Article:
Frasi di James Graham Ballard

James Graham Ballard photo
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James Graham Ballard

Data di nascita: 15. Novembre 1930
Data di morte: 19. Aprile 2009

James Graham Ballard è stato uno scrittore britannico, autore di romanzi e racconti di fantascienza, autobiografici e di satira sociale. Fortemente ispirato dalla pittura surrealista, Ballard è prossimo agli autori postmodernisti.

Frasi James Graham Ballard

„I think the key image of the 20th century is the man in the motor car. It sums up everything: the elements of speed, drama, aggression, the junction of advertising and consumer goods with the technological landscape.“

—  J. G. Ballard

Narration for Crash! (1971), a short film by Harley Cokeliss
Contesto: I think the key image of the 20th century is the man in the motor car. It sums up everything: the elements of speed, drama, aggression, the junction of advertising and consumer goods with the technological landscape. The sense of violence and desire, power and energy; the shared experience of moving together through an elaborately signalled landscape.
We spend a substantial part of our lives in the motor car, and the experience of driving condenses many of the experiences of being a human being in the 1970s, the marriage of the physical aspects of ourselves with the imaginative and technological aspects of our lives. I think the 20th century reaches its highest expression on the highway. Everything is there: the speed and violence of our age; the strange love affair with the machine, with its own death.

„The war was about to end and yet the Japanese were obsessed with knowing exactly how many prisoners they held. Jim closed his eyes to calm his mind, but the sentry barked at him, suspecting that Jim was about to play some private game of which Sergeant Nagata would disapprove.“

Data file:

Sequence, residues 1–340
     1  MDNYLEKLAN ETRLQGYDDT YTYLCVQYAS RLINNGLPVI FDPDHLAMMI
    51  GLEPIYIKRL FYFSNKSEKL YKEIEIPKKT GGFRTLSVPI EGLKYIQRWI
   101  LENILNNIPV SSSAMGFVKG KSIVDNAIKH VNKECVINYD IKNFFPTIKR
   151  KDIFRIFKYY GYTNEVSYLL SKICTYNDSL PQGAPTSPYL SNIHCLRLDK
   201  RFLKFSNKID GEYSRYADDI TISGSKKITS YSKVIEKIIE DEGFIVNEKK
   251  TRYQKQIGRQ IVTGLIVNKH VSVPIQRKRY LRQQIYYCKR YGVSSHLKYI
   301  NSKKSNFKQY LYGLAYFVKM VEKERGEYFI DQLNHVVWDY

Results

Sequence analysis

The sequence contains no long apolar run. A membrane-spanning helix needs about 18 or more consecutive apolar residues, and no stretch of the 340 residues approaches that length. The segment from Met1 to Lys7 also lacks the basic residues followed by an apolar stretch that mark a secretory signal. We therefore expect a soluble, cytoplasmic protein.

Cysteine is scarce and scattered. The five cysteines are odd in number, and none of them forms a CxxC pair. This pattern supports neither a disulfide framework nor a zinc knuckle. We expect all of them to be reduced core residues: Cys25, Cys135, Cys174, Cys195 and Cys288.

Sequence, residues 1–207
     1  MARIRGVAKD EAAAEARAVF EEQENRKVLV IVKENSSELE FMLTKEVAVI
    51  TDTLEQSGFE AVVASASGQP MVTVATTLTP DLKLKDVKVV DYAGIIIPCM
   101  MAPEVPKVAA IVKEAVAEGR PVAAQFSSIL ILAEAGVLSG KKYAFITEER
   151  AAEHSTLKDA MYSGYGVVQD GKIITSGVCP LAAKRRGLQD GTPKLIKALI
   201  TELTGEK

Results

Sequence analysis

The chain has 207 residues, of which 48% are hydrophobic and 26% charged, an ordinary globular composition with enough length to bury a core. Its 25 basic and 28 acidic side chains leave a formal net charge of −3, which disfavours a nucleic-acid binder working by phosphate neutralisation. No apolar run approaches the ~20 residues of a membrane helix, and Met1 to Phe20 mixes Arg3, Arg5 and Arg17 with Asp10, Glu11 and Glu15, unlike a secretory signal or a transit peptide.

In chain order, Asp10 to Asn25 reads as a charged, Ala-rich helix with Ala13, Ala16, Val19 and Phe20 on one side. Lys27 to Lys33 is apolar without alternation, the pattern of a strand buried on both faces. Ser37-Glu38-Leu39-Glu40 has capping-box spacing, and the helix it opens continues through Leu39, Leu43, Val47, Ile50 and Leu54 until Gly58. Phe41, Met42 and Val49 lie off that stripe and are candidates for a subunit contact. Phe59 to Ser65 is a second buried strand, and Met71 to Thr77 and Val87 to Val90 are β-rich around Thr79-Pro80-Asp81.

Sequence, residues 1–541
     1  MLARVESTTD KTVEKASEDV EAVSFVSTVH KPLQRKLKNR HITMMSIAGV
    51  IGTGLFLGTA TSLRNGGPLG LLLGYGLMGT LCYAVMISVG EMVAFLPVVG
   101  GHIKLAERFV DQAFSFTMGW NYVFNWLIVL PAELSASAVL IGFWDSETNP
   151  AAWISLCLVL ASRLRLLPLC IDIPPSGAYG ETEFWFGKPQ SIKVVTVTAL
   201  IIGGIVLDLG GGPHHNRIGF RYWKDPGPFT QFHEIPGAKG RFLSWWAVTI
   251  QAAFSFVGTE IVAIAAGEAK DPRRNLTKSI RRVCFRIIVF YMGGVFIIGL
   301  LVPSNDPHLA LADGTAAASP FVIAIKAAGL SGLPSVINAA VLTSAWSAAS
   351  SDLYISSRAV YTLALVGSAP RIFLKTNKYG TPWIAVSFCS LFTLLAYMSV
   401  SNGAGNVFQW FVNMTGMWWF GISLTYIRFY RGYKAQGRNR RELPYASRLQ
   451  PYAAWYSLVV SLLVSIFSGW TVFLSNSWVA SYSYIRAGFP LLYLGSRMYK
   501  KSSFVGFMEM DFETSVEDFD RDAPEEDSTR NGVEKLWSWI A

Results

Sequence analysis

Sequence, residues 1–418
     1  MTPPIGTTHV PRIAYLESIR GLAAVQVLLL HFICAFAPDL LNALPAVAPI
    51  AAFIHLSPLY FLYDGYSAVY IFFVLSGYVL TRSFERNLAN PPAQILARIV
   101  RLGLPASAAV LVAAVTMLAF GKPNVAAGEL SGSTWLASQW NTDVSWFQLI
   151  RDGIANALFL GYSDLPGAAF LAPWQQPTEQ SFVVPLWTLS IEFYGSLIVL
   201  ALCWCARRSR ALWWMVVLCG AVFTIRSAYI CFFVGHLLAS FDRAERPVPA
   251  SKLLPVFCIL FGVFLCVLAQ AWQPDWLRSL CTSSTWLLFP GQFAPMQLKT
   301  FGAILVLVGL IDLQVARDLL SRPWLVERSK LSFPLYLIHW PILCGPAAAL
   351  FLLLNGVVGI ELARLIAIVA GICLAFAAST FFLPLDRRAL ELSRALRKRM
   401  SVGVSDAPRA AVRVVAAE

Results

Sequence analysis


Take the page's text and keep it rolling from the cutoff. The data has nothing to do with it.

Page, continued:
—  J. G. Ballard, libro Empire of the Sun

Origine: Empire of the Sun (1984), p. 201
Contesto: He waited for the roll-call to end, reflecting on the likely booty attached to a dead American pilot. Soon enough, one of the Americans would be shot down into Lunghua Camp. Jim tried to decide which of the ruined buildings would best conceal his body. Carefully eked out, the kit and equipment could be bartered with Basie for extra sweet potatoes for months to come, and even perhaps a warm coat for the winter. There would be sweet potatoes for Dr. Ransome, whom Jim was determined to keep alive. He rocked on his heels and listened to an old woman crying in the nearby ward. Through the window was the pagoda at Lunghua Airfield. Already the flak tower appeared in a new light. For another hour Jim stood in line with the missionary widows, watched by the sentry. Dr. Ransome and Dr. Bowen had set off with Sergeant Nagata to the commandant's office, perhaps to be interrogated. The guards moved around the silent camp with their roster boards, carrying out repeated roll-calls. The war was about to end and yet the Japanese were obsessed with knowing exactly how many prisoners they held. Jim closed his eyes to calm his mind, but the sentry barked at him, suspecting that Jim was about to play some private game of which Sergeant Nagata would disapprove.

„He waited for the roll-call to end, reflecting on the likely booty attached to a dead American pilot.“